This is Daniel Garber at the Movies each Friday morning on CIUT 89.5 FM, and on my web site

Daniel Garber talks with Kevin Hegge about his new film SHE SAID BOOM: THE STORY OF FIFTH COLUMN

Posted in 1980s, Bruce Labruce, Cultural Mining, documentary, Feminism, Punk, Queer, Toronto, Uncategorized, Women by on May 17, 2012

Can a band be bigger than its largest audience? Can its name live on past any hummable tune they might record? And can its legacy, its legend and its influence extend beyond its lifespan, without any drug overdoses or suicides?

Well, Fifth Column, Toronto’s legendary underground all-female postpunk band lives up to all of that, and is the subject of a new documentary called SHE SAID BOOM: The Story of Fifth Column, playing at Toronto’s Inside-Out film festival on Sunday at 5 pm.

Here I speak with the film’s director, KEVIN HEGGE about Fifth Column’s legacy, Queercore, JDs, G.B. Jones, Caroline Azar, Beverly Breckenridge, Bruce Labruce, feminism, post-punk music, zines, cassette tapes and more…

May 11, 2012. European Jewish Cinema at the TJFF. Movies Reviewed: Simon and the Oaks, My Best Enemy, My Dad is Barishnikov, Let My People Go! PLUS Cabaret-Berlin

Posted in 1940s, 1980s, Austria, Berlin, comedy, Coming of Age, Cultural Mining, Dance, Drama, Family, Fighting, Judaism, Sex, Sweden, TJFF, Uncategorized by on May 11, 2012

Hi, this is Daniel Garber at the Movies, for and CIUT 89.5 FM, looking at high-brow and low-brow movies, indie, cult, foreign, festival, genre and mainstream movies, helping you see movies with good taste, movies that taste good, and how to tell the difference.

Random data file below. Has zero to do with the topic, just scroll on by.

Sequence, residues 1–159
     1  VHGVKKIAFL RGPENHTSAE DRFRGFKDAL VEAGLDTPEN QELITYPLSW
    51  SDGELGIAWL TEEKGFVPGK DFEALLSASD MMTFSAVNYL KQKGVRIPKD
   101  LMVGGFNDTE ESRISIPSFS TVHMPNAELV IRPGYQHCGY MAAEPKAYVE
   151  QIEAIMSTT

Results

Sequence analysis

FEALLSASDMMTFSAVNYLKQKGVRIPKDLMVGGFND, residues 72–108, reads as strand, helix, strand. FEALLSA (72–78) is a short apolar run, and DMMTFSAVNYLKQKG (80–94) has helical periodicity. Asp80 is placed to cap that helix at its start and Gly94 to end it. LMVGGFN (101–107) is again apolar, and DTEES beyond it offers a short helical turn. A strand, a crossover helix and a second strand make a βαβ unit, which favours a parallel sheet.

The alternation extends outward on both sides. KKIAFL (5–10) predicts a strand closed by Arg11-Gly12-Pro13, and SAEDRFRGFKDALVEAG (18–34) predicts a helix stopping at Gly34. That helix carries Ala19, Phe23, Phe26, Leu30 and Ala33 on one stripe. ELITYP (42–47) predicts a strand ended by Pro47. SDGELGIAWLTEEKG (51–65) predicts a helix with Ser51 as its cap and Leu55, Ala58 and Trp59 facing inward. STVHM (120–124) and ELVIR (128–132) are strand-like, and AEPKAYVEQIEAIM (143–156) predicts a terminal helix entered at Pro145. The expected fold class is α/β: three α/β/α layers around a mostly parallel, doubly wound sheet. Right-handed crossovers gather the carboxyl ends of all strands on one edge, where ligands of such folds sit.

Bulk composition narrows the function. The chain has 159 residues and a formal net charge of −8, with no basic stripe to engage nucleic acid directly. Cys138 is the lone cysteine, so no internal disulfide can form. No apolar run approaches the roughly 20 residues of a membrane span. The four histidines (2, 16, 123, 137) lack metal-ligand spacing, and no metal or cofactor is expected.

I’m back again, and this week I’m gong to talk about some of the new European movies now playing at TJFF, the Toronto Jewish Film Festival. There are two historical dramas about best friends, one from Sweden, and one from Austria; and two very different light comedies, one, in Russian, about the Soviet Union in the 80’s, and another set in present-day Finland and France.

Simon and the Oaks
Dir: Lisa Ohlin
Based on the novel by Marrianne Fredriksson

It’s WWII in neutral Sweden, in Gothenburg. Two boys, Simon Larsson and Isak Lentov, become close friends at a private school: Isak fled Berlin as an infant with his terrified mother and bookseller dad; Simon lives with his parents outside the city. But when Mrs Lentov has a nervous breakdown (after Germany invades the rest of Scandinavia), Isak moves in with the Larssons.

The Larsson and Lentov families grow very close, with Simon leaning toward the Lentov father Ruben’s intellectual world and its joy of music, while Isak heads back to the land, using his hands to make things, as taught by the Larsson father, Erik. For Simon, music affects him in an unusual way: it unlocks memories of his childhood involving an old oak tree in his garden, and leads him to a secret letter his parents have never told him about.

Simon and the Oaks is a beautiful, novelistic story that follows the families over two decades as the boys come of age, the country’s mood changes, and the multifaceted relationships that develop within the extended families. This is a fascinating, character and plot-driven film that manages to convey Simon’s inner feelings visually, without resorting to explicit narration or explanation. All of the acting, including the actors playing the young and adult Simons and Isaks, and the story is compelling. I liked this movie a lot.

My Best Enemy
Dir: Wolfgang Murnberger